ROK to be integrated in 2ID Headquarters

About 30 officers from the South Korean army will become part of the 2nd Infantry Division headquarters Thursday as part of a sweeping and unprecedented restructuring of the American headquarters.

The 30 officers, to include a brigadier general, will become part of what officials are calling a combined division stationed in the Republic of Korea. As the division builds its combined structure over the coming months, even more South Korean officers, as well as noncommissioned officers, could be added to the headquarters.

via .

Interesting. I’m not exactly sure how beneficial this is. If the 2ID hasn’t forged a close working relationship with the ROK in the last 60 years, I don’t know how much this will help.

The other interesting issue is 2ID itself. The division headquarters is there, but there is only one BCT of US troops there, and it will be replaced by a rotation of US based BCTs on 9 month tours. How sustainable that will be with other rotational requirements is an open question.

For instance, USARPAC has a new program where rather than sending one battalion to a training exercise with a partner nation, and a different battalion to the next partner nation exercise, instead, one unit will spend approximately 9 months deployed to a series of training events with several different host nations. I’m sure that will be terribly popular with the troops. It was one thing to deploy for a month to the third world and then return to home station. If soldiers wanted continuous 9 month deployments, they’d be sailors.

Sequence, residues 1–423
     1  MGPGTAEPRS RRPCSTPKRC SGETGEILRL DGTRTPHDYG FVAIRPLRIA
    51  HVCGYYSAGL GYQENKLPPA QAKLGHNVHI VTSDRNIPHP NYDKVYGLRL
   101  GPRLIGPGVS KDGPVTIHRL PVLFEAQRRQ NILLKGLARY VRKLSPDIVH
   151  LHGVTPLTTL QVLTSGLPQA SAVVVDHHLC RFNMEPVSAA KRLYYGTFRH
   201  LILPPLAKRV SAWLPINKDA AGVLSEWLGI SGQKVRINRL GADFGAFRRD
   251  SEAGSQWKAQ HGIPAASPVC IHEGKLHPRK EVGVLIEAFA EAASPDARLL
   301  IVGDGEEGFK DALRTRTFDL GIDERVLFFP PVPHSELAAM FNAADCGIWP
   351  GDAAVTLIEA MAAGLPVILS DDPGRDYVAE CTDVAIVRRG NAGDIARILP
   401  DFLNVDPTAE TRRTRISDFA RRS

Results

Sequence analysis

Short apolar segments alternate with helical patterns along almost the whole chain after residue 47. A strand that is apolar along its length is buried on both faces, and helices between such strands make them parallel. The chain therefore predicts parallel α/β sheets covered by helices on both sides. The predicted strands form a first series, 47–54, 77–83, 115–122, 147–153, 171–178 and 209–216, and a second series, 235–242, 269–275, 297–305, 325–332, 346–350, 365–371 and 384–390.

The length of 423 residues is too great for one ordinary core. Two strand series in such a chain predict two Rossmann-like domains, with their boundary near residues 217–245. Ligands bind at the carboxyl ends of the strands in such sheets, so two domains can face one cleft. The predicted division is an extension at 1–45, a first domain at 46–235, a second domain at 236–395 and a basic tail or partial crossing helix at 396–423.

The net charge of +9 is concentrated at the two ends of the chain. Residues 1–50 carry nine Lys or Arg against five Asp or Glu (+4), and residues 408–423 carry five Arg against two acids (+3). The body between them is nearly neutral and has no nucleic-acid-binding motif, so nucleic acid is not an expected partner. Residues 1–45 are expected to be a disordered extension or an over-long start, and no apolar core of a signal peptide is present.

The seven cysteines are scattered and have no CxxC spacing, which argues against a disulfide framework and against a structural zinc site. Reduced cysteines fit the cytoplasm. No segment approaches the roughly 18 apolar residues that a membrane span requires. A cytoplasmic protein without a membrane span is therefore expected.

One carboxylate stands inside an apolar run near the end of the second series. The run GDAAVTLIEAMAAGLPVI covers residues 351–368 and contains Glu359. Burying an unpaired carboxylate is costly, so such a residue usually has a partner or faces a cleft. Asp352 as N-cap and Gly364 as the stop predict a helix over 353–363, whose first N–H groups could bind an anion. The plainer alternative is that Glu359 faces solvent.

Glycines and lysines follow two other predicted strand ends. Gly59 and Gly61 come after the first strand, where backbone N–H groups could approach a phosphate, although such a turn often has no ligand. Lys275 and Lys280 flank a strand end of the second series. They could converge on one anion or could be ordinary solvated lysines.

3 thoughts on “ROK to be integrated in 2ID Headquarters”

  1. Plenty beneficial, in my opinion. Much of this is about reassurance. The RAF force aligned with ROK is hugely political. The initial CABs going there (incidentally, my former BN is there right now) were required to be fully manned, fully trained and fully equipped, and to remain such throughout their rotation: i.e. nobody would rotate out of theater for the duration. This is US political commitment to ROK in action. Consider the DIV HQ, now. I am not sure what all US combat capability is left to be called Divisional forces under 2ID as they are deactivating the remaining maneuver BCT there and replacing it with a RAF / rotational BCT. I assume that 2ID would command ROK forces in the event of a fight. Why not have a package of ROK staff augmenting the DIV? Plus you get intangible benefits such as mil-to-mil interaction, exchange of techniques and procedures, and a level of transparency in what the 2ID HQ is doing. Annnnndddd, in an army that is ever thinner, 30 American staff replaced by ROK Army are 30 staffers that are available to go somewhere else. Multinational forces are the way of the future, not only for NATO, but for US forces.

  2. On the plus side (I guess) there will be no more dependents in S. Korea. Cheaper, less administrative overhead, fewer worries for married servicemen and simpler logistics if the balloon goes up.

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